W. P. Carey Traditionally 'Investing for the Long Run'

NEW YORK (TheStreet) -- W. P. Carey Inc. (WPC) completed its first day of trading as a REIT, with shares down 1.69 percent to $48.17 on Monday.

President and CEO Trevor Bond said in a statement early in the day that the increase in scale and liquidity that would result from its REIT conversion would enhance its appeal to individual and institutional investors, giving it better access to public equity markets.

Almost 10 months ago the company's founder, William Polk Carey, passed away after leading the iconic sale-leaseback legend to more than four decades of consistency and repeatable dividend success. Carey once explained his company's value proposition:

"These returns demonstrate our success in fulfilling our most important corporate mission: Investing for the long run. Our aim is to help our investors build and maintain lifestyles, and have the resources they need to meet their obligations and achieve their dreams, without constant worry about where the income to fund will come."

As one of the largest triple-net REITs in the nation, W.P. Carey owns 429 properties comprised of around 39.1 million square feet leased to more than 130 companies around the world with a diverse portfolio across geographies, industries, and property types.

The newly merged companies -- W. P. Carey & Co. LLC and Corporate Property Associates 15 Inc. -- are now one, W. P. Carey Inc., The REIT has more than $5 billion in net-leased real estate ($3.1 billion in equity market cap and $1.9 billion in debt).

The current dividend yield is 5.3%.

The definition of Carey's "long run" dates back to the company's founding in 1973 and its subsequent stock listing in 1998. As a pioneer of the "sale/leaseback" industry, Carey focused on strategic stable cash flows generated from long-term leases to creditworthy tenants.

Accordingly, Carey was the first to exploit the business model and the company's trademark -- "Investing for the Long Run" -- became synonymous with dividend repeatability.

In fact, Carey has consistently increased the company's dividends each of the past 45 consecutive quarters and the annual dividend growth averaged 2.4% from 1998 to 2011.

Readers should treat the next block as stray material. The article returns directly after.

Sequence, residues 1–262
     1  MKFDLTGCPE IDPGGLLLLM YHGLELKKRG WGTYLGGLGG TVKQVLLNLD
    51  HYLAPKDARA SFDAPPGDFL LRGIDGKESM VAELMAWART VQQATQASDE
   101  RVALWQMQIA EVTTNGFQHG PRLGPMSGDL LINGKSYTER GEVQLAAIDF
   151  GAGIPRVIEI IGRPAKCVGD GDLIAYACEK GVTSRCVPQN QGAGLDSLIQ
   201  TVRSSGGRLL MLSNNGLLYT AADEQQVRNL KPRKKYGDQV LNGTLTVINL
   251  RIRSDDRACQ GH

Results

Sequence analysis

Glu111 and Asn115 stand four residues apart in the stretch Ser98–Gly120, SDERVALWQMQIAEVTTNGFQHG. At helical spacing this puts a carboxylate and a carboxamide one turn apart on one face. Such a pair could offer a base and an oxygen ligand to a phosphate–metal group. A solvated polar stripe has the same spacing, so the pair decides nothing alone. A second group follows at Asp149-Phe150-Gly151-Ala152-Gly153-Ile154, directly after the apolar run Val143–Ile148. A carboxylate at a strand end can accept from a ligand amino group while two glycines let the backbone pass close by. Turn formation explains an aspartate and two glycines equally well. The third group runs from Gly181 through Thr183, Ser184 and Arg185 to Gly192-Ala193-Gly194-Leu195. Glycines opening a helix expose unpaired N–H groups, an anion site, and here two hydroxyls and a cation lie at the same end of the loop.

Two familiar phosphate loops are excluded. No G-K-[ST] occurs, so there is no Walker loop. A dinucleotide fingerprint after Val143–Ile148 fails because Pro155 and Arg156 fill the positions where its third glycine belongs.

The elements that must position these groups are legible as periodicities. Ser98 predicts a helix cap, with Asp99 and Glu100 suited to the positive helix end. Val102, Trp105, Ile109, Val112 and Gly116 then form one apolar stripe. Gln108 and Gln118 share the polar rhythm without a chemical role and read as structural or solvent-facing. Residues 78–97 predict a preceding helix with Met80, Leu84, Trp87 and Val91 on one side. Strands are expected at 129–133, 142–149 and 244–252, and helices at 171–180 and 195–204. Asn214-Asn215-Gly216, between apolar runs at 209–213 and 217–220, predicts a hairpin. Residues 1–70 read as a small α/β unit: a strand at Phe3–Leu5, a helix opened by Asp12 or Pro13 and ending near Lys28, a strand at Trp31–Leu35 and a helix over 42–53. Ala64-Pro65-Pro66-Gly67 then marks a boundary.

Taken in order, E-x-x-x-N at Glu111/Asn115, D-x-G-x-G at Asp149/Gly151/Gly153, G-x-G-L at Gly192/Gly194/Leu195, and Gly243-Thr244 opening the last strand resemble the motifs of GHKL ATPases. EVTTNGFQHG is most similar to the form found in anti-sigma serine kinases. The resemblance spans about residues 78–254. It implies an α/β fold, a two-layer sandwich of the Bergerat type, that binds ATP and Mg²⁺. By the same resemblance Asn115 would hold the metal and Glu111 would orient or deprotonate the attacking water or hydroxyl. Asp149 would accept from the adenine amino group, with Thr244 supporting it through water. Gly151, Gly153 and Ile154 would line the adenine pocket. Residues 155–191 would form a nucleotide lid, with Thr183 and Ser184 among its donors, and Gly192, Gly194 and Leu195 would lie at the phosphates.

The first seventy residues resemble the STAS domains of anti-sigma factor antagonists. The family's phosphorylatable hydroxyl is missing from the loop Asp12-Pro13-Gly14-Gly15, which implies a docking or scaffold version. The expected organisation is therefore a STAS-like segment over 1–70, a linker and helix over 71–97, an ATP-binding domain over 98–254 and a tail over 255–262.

Carey's board of directors established its third quarter 2012 cash distribution at 65% per share, which equates to an annualized rate of $2.60 per share and a 15% increase over the previous quarter. The cash dividend is payable on Oct. 16, to shareholders of record as of Oct. 2. This marks W. P. Carey's 46th consecutive distribution increase, including its predecessor company.

Bond commented, "We are excited to reach this milestone in W. P. Carey's history. While our disciplined, long-term investment strategy remains the same, as a result of these transactions, we expect that the REIT status, significant increase in real estate under ownership and expected dividend growth will provide our shareholders with a compelling investment and help us further diversify our shareholder base over time, including active and passive REIT investors. With a larger balance sheet and greater flexibility to access capital for growth, we are well positioned to capitalize on new opportunities that are consistent with our established investment parameters and enhance shareholder value."

Carey will continue to manage the Corporate Property Associates (CPA series publicly held, non-traded REITs) and the newly converted REIT will provide meaningful liquidity and broader access to capital.

In addition, I expect that the REIT could receive a lift to its share price in mid-November when the company is added to the MSCI US REIT Index.

William Carey nailed the mantra, "Investing for the Long Haul" and now that the company he founded is officially a REIT, investors will be able to benefit from all of the attributes of being a REIT -- transparency, liquidity and diversification -- while most importantly preserving principal and generating consistent returns on monies invested.

At the time of publication the author held no positions in any of the stocks mentioned.

This article is commentary by an independent contributor, separate from TheStreet's regular news coverage.

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